Browsing Tag

Oasis

Career Killers: “Witness” by Katy Perry

It’s strange to think that Katy Perry’s career as a major pop superstar could be over.

Between 2008 and 2016, Perry released three multi-platinum albums and amassed 18 Top 30 singles as a lead artist, including nine #1 hits. Her 2010 album, Teenage Dream, produced a record-tying 5 number one singles (only Michael Jackson’s Bad has managed to match that). She’s been credited with selling 143 million records worldwide, putting her ahead of Bruce Springsteen, Metallica, Lady Gaga, Adele, Britney Spears and many others.

That track record of sustained success should have protected her career from being completely derailed by one flop. And yet, plenty of critics and observers wrote her off after 2017’s Witness, with some even wondering if her decline marked the end of an era in pop music. Perry’s career choices since then have only seemed to confirm that her best days are behind her. In 2018, she went to the place where many music careers go when they’re on life support — the judge’s table at American Idol. Then, she did what a lot of over-the-hill pop stars do when they start to transition to being a nostalgic act: she announced a Las Vegas residency, which is scheduled to begin in December. Meanwhile, her 2020 album, Smile, landed without much fanfare and became her worst-selling record since her 2001 self-titled Christian music debut, when she was still known as Katy Hudson.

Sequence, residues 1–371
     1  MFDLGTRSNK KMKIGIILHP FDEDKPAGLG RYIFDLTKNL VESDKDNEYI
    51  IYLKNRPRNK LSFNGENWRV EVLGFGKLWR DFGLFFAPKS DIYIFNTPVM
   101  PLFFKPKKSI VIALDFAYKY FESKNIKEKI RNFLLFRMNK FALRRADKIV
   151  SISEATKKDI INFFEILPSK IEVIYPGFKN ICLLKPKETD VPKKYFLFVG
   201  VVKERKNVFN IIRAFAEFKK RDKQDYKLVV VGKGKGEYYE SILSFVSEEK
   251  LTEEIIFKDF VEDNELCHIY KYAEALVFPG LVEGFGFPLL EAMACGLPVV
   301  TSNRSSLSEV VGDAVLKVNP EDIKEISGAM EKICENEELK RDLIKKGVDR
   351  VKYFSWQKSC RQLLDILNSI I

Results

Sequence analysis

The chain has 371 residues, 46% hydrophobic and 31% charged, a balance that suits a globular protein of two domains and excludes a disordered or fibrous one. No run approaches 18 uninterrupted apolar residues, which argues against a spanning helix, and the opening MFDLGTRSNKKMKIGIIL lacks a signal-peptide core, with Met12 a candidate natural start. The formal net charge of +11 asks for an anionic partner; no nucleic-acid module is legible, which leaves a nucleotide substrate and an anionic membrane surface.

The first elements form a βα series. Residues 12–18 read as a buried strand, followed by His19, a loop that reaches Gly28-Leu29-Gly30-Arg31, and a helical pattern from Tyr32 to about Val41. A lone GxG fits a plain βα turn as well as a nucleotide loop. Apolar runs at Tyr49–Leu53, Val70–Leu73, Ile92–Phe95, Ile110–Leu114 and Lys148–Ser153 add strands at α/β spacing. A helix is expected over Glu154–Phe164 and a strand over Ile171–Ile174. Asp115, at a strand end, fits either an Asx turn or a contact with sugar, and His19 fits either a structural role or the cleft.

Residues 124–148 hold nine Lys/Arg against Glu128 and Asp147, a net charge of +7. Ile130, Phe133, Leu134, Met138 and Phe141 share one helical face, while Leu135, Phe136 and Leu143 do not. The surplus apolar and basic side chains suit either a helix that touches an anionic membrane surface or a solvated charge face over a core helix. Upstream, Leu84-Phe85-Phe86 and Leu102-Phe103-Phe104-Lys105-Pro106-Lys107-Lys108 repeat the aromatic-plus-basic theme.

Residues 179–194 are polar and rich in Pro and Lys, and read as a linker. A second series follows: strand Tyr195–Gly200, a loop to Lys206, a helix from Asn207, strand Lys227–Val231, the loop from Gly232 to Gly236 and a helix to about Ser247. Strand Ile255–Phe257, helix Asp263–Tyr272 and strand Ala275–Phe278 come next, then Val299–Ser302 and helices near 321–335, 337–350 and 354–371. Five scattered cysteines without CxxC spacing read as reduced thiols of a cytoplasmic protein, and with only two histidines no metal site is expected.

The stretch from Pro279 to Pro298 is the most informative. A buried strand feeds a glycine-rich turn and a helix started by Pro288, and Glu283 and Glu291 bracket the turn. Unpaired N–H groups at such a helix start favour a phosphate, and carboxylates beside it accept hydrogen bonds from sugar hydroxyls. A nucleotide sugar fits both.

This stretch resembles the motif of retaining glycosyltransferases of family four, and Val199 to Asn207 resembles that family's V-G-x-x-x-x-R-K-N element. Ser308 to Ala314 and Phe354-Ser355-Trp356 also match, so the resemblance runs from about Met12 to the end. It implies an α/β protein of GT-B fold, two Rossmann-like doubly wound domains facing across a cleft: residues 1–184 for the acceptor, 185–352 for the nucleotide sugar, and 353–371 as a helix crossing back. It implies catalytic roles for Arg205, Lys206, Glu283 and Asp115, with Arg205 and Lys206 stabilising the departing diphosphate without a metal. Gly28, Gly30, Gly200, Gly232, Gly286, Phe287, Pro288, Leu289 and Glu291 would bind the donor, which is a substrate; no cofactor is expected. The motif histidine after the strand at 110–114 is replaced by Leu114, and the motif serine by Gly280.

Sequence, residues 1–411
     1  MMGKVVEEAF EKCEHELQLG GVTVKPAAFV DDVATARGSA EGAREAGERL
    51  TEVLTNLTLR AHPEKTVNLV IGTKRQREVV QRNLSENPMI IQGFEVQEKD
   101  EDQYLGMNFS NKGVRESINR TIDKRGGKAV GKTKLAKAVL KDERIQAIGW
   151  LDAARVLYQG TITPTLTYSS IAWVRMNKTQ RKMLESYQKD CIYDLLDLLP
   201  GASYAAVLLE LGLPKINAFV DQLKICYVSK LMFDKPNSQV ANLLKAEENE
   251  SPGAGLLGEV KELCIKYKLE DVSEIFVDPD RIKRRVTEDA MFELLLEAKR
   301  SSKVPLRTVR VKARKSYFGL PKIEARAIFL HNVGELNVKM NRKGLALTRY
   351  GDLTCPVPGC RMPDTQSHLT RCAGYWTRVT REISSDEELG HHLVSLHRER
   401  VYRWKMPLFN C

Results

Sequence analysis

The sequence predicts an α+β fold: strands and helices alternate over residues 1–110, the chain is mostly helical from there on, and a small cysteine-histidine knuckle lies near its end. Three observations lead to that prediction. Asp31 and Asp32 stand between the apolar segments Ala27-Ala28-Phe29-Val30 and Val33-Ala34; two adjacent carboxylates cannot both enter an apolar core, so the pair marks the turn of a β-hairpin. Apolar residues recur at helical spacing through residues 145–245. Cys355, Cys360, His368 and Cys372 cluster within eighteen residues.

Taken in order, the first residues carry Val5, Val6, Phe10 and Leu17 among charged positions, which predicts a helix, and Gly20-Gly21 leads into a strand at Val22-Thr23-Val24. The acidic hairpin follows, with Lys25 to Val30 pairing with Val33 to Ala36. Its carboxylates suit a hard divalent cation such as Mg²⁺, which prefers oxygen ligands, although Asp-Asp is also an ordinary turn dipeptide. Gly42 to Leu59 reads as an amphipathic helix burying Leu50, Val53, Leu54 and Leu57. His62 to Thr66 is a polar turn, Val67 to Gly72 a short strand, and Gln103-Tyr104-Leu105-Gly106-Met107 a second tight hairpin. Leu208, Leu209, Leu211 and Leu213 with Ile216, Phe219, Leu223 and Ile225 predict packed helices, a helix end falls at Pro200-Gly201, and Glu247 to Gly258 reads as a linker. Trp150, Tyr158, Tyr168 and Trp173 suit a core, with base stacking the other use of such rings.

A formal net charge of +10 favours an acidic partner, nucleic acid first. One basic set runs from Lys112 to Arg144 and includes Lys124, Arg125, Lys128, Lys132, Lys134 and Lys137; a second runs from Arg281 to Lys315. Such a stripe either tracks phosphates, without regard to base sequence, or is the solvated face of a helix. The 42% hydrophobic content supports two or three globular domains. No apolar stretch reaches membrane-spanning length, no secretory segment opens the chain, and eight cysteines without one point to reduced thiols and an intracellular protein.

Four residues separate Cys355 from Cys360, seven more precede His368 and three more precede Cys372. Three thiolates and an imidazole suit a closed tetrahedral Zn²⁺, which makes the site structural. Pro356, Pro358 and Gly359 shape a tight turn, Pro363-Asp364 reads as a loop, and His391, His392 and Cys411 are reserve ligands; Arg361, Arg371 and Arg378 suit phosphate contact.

So what happened?

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Career Killers: “Yes Please!” by The Happy Mondays.

When it comes to movies, there are box office bombs and then there’s Heaven’s Gate.

The 1980 western epic went massively over-budget thanks to a disastrous and well-publicized troubled production and received infamously bad reviews upon release. The film ended up being such a box office bomb that it single-handedly killed director Michael Cimino’s Hollywood career and star Kris Kristofferson’s potential as a leading man (one particularly brutal review from Vincent Canby of The New York Times wondered if Cimino had made a deal with the devil to produce his last movie, Oscar-winning classic The Deer Hunter, and now the bill had come due).

And that was just the beginning. According to the documentary Final Cut: The Making and Unmaking of Heaven’s Gate, the movie may have also killed off United Artists, the studio that produced it. Shortly after writing off the film’s entire $44 million budget (equivalent to nearly $140 million in today’s money), UA was sold to MGM and ceased being an independent studio. The movie may have even killed the era of the all-powerful director, as runaway disasters like Heaven’s Gate, Apocalypse Now, At Long Last Love and others caused studios to step in and start asserting control.

By those standards, Yes Please! by the Happy Mondays is the Heaven’s Gate of albums.

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Album Review: “Who Built the Moon?” by Noel Gallagher’s High Flying Birds

There is a school of thought that the feud between the Gallagher brothers is fake – a manufactured back-and-forth between two media savvy rock stars who know that, the more they “fight,” the more publicity they get and the more albums they sell.